a very complex (and thus slow) bitwise order1 coder (ie 8 rc calls per byte).

    ...I mean, like it is in my enwik8.lzma, with only 3816251 literals per 100M of data, even a very strong model
    there won't affect the speed much, but there may be different cases, with much larger literal share.

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    >I suppose there was a concern about lzma speed, because in very unlikely "worst case"

    Isn't every literal processed as 8 single bit-values. At least that was the impression I got while looking at the source. Maybe I got something wrong.

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    Administrator Shelwien's Avatar
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    I mean that it should be possible to generate/find a file where all bytes would be encoded as literals (there would be redundancy,
    but no matches), which would be likely the case with slowest decoding for lzma.

    btw, the lzma literal model works like this:
    Code:
      uint pbMask = (1<<pb)-1, lpMask = (1<<lp)-1, lc8 = 8-lc;
      psym = previous uncompressed byte
    [...]
      if( state>=kNumLitStates ) {
        uint matchbyte = 0x100 + dic[rep0pos()]; // first byte at rep0, not next after match!
        for( sym=1; sym<0x100; ) {
          uint mbprefix = (matchbyte<<=1) >> 8;
          sym += sym + BIT(c_Literal2[filepos&lpMask][psym>>lc8][mbprefix&1][sym]);
          if( mbprefix!=sym ) break;
        }
      } else sym=1;
      for(; sym<0x100; sym+=sym+BIT(c_Literal1[filepos&lpMask][psym>>lc8][sym]) );
    which is what i meant by "very complex (and thus slow) bitwise order1 coder"

  16. #16
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    >I mean that it should be possible to generate/find a file where all bytes would be encoded as literals
    On "geo", my optimizer did eliminate nearly all matches.

    >the lzma literal model works like this

    Ok maybe I had LZMA1, this is from LZMA2? and "sym" is encoded as one rc-call? Looks strange, but I had to use plain order-2 to beat it.

  17. #17
    Administrator Shelwien's Avatar
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    LZMA2 = LZMA1 + small format changes (block headers) for multithreading support
    it even calls the same LZMA1 function for decoding.
    And what I posted is LZMA1, just not the original source.

    As to rc calls, its 8 per symbol as i said, BIT() fetches the probability from counter,
    reads the bit from rc with it, and updates the counter.

  18. #18
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    Ok got you wrong, you just meant that it's possible that every symbol gets encoded as a literal, thus forcing 8 rc-calls per symbol.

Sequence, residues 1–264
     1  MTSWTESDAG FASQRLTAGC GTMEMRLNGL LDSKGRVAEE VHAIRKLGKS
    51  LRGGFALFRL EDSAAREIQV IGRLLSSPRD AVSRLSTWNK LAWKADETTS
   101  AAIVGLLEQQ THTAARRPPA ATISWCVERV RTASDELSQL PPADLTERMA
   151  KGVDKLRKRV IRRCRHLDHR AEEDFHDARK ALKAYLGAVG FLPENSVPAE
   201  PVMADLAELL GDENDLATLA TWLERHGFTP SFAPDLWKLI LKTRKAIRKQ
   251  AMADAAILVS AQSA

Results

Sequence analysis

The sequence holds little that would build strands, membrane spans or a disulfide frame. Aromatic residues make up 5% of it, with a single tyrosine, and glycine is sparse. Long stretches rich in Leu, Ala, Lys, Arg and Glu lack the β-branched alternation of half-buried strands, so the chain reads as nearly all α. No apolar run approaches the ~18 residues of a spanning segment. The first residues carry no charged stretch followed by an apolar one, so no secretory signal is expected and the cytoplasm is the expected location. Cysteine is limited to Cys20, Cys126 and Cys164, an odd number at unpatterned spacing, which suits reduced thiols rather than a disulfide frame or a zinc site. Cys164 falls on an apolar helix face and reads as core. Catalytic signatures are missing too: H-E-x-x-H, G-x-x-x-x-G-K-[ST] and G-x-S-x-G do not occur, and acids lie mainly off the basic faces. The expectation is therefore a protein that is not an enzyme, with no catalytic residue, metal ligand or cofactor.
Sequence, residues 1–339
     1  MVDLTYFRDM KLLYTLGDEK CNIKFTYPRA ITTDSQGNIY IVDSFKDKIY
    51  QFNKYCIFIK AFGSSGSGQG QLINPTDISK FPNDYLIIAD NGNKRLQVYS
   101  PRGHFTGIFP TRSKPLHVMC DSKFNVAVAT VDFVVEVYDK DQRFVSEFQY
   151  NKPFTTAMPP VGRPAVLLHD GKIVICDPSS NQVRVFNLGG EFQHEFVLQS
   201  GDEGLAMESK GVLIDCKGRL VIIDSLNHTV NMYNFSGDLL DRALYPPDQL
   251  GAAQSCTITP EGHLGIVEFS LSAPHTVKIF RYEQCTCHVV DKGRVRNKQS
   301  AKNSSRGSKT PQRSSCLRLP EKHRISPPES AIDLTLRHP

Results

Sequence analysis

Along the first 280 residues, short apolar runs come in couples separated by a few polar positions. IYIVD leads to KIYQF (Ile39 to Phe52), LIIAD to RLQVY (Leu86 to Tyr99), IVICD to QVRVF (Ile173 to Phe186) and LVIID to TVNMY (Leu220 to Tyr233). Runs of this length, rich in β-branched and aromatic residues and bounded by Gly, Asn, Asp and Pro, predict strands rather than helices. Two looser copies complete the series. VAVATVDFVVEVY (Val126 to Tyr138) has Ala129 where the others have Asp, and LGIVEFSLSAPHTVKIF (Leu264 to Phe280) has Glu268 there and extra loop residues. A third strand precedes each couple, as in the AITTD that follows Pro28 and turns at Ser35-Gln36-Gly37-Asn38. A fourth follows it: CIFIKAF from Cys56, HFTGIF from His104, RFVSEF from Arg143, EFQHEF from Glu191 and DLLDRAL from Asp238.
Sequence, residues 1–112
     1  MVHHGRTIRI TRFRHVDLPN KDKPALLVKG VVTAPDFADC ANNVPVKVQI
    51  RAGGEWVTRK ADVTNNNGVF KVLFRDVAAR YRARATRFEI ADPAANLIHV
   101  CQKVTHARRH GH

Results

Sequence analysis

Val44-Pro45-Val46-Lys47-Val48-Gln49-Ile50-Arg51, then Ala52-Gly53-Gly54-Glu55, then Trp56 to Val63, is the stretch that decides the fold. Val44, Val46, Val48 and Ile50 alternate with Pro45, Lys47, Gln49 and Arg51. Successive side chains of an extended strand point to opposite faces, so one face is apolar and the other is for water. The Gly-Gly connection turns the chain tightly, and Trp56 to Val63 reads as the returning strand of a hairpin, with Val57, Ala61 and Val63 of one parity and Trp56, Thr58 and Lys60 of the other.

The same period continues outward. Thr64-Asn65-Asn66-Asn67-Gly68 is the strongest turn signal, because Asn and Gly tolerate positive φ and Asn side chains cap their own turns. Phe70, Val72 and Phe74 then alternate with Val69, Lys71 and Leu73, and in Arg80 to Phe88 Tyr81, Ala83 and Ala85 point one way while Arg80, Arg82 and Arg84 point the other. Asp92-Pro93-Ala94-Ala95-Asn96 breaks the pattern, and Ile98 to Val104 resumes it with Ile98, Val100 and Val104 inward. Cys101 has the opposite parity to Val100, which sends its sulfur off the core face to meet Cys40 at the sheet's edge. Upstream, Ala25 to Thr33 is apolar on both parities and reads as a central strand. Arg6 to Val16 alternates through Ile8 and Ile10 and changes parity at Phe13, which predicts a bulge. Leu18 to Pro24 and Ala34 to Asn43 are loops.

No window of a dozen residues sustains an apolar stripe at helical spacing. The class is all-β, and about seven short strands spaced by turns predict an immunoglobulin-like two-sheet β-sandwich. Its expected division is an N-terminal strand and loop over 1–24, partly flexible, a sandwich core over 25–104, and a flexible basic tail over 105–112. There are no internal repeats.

19. #19
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    best lzma result for geo:
    Code:
       c_IsMatch:      534.35      534.45     83340     58931     24409
      c_Literal2:     5972.49     5972.52     79896     49757     30139
      c_Literal1:    39860.01    39860.07    391552    233859    157693
         c_IsRep:      285.97      285.97     24409       303     24106
       c_IsRepG0:      520.27      520.30     24106     22974      1132
    c_IsRep0Long:     2152.62     2152.62     22974     10655     12319
       c_IsRepG1:      119.07      119.07      1132       715       417
       c_IsRepG2:       50.53       50.53       417       267       150
     c_LenChoice:      146.10      146.12     13754     13586       168
        c_LenLow:      379.94      380.00     40758     40124       634
    c_LenChoice2:       20.48       20.48       168        75        93
        c_LenMid:       25.71       25.71       225       105       120
       c_LenHigh:       52.12       52.12       744       511       233
       c_PosSlot:      165.61      165.61      1818       937       881
       c_SpecPos:       11.56       11.56        95        22        73
     direct bits:      222.00      222.00      1776       858       918
         c_Align:       68.49       68.49       964       226       738
           Total:    50587.33    50587.62    688128    433905    254223

  20. #20
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    LZMA always suprised me with its performance on geo. Try hitting 50k without using sparse-contexts or something like that. The order2-mix from the other thread gets around 54k.
    I supect it deinterleaves the file.

  21. #21
    Administrator Shelwien's Avatar
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    > I suspect it deinterleaves the file.

    More or less - there're position masks, and that result (50605) is acquired with lp0 lp2 pb2, which
    is order0 with ofs%4 context basically. With lp0 pb0 it shows 54-55k too.

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    Administrator Shelwien's Avatar
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    Changing counter precision in lzma:
    Code:
    SCALElog icl_lzma e8_lzma 
    11       996740   24557177 // default
    12       996292   24545514
    13       996158   24544642
    14       996143   24547568
    15       996166   24551325
    Also its interesting that commenting out that unnecessary line (implied in lzma code)
    Code:
      uint rc_Bits( uint l ) { if( DECODE==0 ) return 0;
        uint x=0; do {
          rc_Renorm();
    //      range &= ~1;
          uint rnew = (range>>1) * 1;
          uint bit = code >= rnew;
          range = bit ? code-=rnew,range-rnew : rnew;
          x += x + bit; 
        } while( --l!=0 );
        return x;
      }
    doesn't really affect the output size, and even more - the arithmetic code somehow syncs back
    to the version with that range cutting, so only small spots are actually different.

    Another unfortunate result is that increasing the range update precision doesn't help either:
    Code:
    (range >> SCALElog) * P -> (qword(range)*(P<<(32-SCALElog)))>>32
    24544642  -> 24544655
    24547568  -> 24547754
    But the less precise version actually gives a part of 0's interval to 1, which is probably the reason.